Parade Flag — A term used by collectors for most of the types of smaller scale flags that were made by the printing of pigment or dye onto fabric or paper. Such flags were intended for relatively short-term use, to be waved at parades, political events, military reunions and other rallies. These were typically tacked or glued to a wooden staff. Also known as “hand-wavers.” As a rule, most parade flags measure between 3 inches and 3 feet on the fly, though some are larger.
Portrait Flag — Political campaign flags that contain portrait images of the candidate(s).
Reverse — What one might think of today as the “back” side of the flag. In modern Western tradition, this is the side of the flag that is depicted when the hoist is to the observer’s right. In 18th and 19th century America there was no “front” or “back”. The devices, such as text and images, usually appear on only one of the two sides.
Reverse-Appliquéd Stars — A type of star application where the shapes of stars are clipped from within a length of fabric, then that fabric is laid over a background so that it shows through the star-shaped holes. In the case of a Stars & Stripes, star-shaped forms are cut from within a rectangular length of blue fabric, which is then laid over a white ground. The white shows through to become the stars. The seamstress would then sew around the stars to join the two lengths of fabric. This is a very uncommon method of construction.
Printed Wool / Press-Dyed Flags —Flags manufactured by press-dying on wool bunting. This was a resist-dye process, first patented in the U.S. for the manufacture of flags in 1848. It never became a popular method of flag production in America, where it seems to have been abandoned after 1876, but was pursued with greater intensity and for a longer period of time in Great Britain. Some parade flags were printed or press-dyed on wool. Others were printed on wool and cotton blended fabric. Some larger varieties of press-dyed and printed wool flags needed to be pieced in several sections. Some flags have printed or press-dyed wool cantons, but have stripe fields that are pieced-and-sewn from individual lengths of fabric.
Random Star Configuration — A configuration of stars without rows, columns, or any apparent pattern.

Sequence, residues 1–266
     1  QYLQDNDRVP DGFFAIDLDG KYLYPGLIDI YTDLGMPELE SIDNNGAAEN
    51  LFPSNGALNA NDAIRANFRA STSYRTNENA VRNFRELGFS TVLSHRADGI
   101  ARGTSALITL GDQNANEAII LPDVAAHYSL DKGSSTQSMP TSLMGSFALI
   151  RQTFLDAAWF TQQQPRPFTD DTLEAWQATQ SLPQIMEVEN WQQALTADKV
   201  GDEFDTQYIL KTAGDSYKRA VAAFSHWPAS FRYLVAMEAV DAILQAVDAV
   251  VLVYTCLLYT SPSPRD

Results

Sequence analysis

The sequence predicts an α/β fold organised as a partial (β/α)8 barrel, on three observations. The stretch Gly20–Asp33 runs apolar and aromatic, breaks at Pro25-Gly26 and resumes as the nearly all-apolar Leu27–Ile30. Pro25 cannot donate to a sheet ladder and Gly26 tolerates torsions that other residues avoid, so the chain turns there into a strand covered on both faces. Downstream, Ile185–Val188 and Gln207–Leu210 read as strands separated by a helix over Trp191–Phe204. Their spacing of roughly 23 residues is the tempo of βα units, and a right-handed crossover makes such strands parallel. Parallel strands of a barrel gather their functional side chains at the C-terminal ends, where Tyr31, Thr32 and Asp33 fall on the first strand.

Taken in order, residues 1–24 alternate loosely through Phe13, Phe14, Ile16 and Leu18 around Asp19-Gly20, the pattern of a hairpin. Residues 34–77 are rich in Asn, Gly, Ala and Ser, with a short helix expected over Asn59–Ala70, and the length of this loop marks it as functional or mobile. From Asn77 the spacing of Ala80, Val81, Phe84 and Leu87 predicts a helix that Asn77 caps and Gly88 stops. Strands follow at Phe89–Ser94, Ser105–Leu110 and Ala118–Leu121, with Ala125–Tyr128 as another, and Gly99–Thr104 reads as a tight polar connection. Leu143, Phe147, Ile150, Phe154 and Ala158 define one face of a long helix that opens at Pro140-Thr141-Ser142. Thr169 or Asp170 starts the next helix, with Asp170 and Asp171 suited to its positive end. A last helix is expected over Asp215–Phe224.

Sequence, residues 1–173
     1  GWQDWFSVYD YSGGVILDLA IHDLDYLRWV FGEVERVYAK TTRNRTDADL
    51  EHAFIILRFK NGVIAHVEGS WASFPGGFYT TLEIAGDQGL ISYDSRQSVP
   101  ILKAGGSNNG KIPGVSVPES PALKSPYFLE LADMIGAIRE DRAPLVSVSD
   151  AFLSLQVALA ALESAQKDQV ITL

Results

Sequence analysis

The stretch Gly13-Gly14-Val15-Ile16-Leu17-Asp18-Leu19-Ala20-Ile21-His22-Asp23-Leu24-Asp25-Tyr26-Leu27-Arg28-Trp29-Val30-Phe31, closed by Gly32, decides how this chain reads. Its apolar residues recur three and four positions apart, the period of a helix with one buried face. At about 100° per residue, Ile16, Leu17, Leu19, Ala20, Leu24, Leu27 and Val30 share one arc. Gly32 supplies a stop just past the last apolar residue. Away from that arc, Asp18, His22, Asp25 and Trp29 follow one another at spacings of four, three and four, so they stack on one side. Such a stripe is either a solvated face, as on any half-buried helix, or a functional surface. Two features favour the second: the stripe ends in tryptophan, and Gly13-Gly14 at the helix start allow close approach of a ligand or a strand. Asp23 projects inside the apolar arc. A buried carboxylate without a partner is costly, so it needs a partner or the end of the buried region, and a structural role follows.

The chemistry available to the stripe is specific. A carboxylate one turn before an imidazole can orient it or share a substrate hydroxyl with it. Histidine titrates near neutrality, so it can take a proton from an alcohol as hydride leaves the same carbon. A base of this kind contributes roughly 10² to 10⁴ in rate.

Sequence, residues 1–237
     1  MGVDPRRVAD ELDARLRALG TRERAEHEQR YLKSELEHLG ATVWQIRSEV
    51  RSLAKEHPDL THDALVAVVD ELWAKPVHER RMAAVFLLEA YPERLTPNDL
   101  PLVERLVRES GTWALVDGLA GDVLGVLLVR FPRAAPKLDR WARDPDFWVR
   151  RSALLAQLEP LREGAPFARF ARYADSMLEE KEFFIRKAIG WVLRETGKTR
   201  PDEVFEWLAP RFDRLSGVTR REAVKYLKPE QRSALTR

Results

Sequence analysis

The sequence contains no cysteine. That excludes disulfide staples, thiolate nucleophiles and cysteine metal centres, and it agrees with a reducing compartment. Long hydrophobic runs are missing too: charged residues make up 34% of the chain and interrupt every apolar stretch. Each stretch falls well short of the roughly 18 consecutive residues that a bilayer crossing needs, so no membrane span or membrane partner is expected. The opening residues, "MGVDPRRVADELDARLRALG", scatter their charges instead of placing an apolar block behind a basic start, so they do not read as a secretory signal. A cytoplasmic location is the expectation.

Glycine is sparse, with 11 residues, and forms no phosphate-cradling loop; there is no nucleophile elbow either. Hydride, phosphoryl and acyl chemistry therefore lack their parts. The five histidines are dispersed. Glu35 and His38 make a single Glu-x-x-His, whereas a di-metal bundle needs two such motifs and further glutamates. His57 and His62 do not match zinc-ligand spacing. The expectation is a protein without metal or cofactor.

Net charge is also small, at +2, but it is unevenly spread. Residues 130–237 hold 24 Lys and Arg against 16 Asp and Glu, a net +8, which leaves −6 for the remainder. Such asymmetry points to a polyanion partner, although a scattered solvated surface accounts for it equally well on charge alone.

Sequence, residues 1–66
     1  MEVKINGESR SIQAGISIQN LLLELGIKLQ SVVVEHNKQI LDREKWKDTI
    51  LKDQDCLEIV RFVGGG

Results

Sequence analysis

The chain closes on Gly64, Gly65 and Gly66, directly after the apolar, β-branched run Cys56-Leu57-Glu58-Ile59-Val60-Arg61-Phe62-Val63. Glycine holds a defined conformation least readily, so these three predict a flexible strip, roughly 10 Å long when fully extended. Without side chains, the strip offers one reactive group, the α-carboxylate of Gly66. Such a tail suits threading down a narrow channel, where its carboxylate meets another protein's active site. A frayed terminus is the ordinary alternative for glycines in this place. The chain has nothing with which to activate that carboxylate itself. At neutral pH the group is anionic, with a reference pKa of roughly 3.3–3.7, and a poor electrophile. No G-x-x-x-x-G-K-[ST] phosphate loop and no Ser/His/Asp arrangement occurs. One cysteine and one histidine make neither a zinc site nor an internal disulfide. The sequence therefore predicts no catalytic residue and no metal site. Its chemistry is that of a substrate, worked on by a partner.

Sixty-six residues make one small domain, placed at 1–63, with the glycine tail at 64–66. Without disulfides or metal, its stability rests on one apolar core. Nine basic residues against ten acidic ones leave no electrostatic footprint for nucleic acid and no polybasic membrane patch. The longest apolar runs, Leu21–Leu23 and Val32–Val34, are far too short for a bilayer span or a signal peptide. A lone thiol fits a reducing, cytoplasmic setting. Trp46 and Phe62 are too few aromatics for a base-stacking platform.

Rectilinear Star Configuration — Lineal rows of stars arranged so that they line up both horizontally and vertically.
Reverse-Appliquéd Stars — A construction method seldom seen in American national flags. Here the canton is made by taking a length of blue fabric and cutting out star shapes. This is appliquéd over a white background to create the stars.
Scattered Star Positioning — Stars on a flag that may be arranged in any pattern, but which are individually aligned in a various directions on their vertical axis.
Sewn Flag —A flag made by the piecing, stitching, appliqué and/or embroidery of any combination of fabrics.
Single-appliquéd Stars —A type of star application where only one piece of fabric is used to make a star that is visible on both sides of the flag. On a stars and stripes, this is accomplished by making star-shaped cutouts in the blue material. A white star is then appliquéd over top of the star shaped hole. On the reverse side, the rough cut fabric is rolled over and hemmed so that the white star shows neatly through the hole. Single appliquéd stars are genera double-appliquéd stars and reverse-appliquéd stars.
Word Flag — A term traditionally used by the collectors of political campaign flags for flags that have text, such as names and slogans, but no portrait images of the candidate(s).
Wreath or Medallion Configuration — stars arranged in concentric circles, often with a center star and “outlier” stars in each corner.
For more on flags, please visit Jeff Bridgman Antique American Flags & Paint-Decorated American Folk Art.